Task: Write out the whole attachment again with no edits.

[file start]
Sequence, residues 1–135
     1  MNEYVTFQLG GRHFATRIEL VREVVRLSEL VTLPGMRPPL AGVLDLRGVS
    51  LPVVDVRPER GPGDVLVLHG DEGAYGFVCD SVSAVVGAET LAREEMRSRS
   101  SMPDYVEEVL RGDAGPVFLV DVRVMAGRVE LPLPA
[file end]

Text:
Sequence, residues 1–135
     1  MNEYVTFQLG GRHFATRIEL VREVVRLSEL VTLPGMRPPL AGVLDLRGVS
    51  LPVVDVRPER GPGDVLVLHG DEGAYGFVCD SVSAVVGAET LAREEMRSRS
   101  SMPDYVEEVL RGDAGPVFLV DVRVMAGRVE LPLPA